Three Japanese Icons You Must Sell
For decades, these companies represented the best quality, most innovative products on the consumer and industrial markets...but how the mighty have fallen.
A $21,500 television in today's economy makes about as much sense as Steve Ballmer's new plan to re-merchandise Microsoft (NASDAQ:MSFT) and compete with the world's number one designer, Apple, as a goods company. It'll probably be about as effective, too.
Sharp Corporation (PINK:SHCAY): While Sharp has a diverse product line, more than 60% of its product line revenue comes from TVs. But how many TVs does the world need, and how do you tell one brand from another?
Sharp's bonds imply a better-than-90% probability of default within the next five years. Several key "Hail Mary" survival negotiations have failed, including was what to have been an $8.43 billion infusion from Foxconn's Terry Gou.
Sharp posted a 376 billion yen (approximately $4.6 billion at today's exchange rate) loss in 2012, and has already posted losses in excess of $1.29 billion in the first half of 2013. To make matters worse, increasing competition in every one of its product segments has put the company in slash-and-burn mode.
The company itself has expressed material doubt about survival. In September, Bloomberg reported the company is considering cutting 10,000 jobs (18% of its workforce), and it was forced to sell overseas TV assembly plants and shutter solar panel businesses in Europe and the United States in order to secure a 210 billion yen (approximately $2.5 billion) bailout from Mizuho Financial Group and Mitsubishi UFJ Financial Group. It's seeking early outs for retirees and reducing pay for remaining workers.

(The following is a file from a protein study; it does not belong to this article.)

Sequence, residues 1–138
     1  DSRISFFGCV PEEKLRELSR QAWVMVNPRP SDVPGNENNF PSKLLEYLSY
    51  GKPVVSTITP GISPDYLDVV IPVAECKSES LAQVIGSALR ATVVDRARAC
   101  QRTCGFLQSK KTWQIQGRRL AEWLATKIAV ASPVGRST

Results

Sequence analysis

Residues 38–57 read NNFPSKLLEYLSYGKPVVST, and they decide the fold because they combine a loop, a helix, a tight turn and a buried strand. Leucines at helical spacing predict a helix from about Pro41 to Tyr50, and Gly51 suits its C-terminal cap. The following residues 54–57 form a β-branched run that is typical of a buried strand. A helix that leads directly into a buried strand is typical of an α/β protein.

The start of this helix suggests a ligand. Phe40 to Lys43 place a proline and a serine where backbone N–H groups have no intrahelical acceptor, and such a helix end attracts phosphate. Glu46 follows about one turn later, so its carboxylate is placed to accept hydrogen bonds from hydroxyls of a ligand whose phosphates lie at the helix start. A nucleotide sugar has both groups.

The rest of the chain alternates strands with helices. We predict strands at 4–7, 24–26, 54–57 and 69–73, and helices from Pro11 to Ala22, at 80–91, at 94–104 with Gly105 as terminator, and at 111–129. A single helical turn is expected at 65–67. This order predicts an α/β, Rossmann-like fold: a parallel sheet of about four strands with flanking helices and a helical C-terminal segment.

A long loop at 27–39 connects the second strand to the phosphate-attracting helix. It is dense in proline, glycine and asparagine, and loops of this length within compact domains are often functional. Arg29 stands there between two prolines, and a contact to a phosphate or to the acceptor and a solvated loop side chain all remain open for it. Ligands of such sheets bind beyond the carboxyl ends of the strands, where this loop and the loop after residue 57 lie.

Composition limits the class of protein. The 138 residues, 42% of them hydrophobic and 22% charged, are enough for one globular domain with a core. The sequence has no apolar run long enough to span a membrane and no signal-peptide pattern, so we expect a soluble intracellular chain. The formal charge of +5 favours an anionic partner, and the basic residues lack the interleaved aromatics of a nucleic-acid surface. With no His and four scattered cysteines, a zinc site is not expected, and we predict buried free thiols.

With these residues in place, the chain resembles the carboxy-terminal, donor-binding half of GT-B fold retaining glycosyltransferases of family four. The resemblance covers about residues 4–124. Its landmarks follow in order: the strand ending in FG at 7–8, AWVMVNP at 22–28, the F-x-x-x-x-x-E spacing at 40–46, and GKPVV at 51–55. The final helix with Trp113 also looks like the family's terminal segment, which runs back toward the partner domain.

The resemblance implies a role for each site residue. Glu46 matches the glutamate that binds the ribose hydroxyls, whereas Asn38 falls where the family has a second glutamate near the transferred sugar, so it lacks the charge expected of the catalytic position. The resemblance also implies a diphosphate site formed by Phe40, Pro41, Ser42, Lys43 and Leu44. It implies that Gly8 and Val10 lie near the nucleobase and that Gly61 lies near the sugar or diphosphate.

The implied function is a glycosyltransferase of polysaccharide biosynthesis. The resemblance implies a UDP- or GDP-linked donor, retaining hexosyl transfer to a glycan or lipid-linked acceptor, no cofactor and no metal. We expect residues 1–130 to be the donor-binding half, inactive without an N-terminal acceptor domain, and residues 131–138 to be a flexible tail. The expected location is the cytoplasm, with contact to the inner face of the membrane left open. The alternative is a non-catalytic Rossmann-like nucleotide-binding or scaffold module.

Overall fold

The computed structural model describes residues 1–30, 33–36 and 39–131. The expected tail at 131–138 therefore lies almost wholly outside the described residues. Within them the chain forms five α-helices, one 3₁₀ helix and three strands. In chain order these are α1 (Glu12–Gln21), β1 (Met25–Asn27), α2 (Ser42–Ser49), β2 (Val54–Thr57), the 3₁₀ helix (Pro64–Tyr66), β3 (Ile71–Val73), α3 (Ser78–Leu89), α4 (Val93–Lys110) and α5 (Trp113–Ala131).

Japanese experts suggest that the way ahead depends on more capital and its IGZO display technology...but who in their right mind would give it to Sharp, and on what terms?
Panasonic Corporation (NYSE:PC): And finally, there's Panasonic. Once at the vanguard of Japanese exports, the company stunned Wall Street by forecasting a $9.5 billion loss come March when its fiscal year ends. That's 30 times bigger than estimates in place at the time in early November when it stunned the financial community with the news.
I personally think the losses will be bigger, based on the rapid and near-complete failure of consumer electronics sales worldwide, and the emergence of hotly competitive, better-margined alternatives, not the least of which are mobile devices.
Fitch lowered Panasonic's credit rating to junk on November 22, and the continued operations are marginal because of increasing liquidity constraints. The company announced earlier that same month that it won't pay a dividend for the first time since 1950 because of dire business conditions.
Panasonic simply doesn't have its feet on the ground, and at this point in the product development cycle is unlikely to catch up, especially when you consider that it's shown nearly 40,000 workers the door in the past 12 months.
In closing, hold no illusions. These are all extremely opportunistic choices for very aggressive investors and traders who understand that profits can be made in two directions—up and down.
Risk control is paramount under the circumstances, as is the ability to endure the volatility associated with last gasps that inevitably come with dying companies.Editor's Note: This article was written by Keith Fitz-Gerald of Money Morning.
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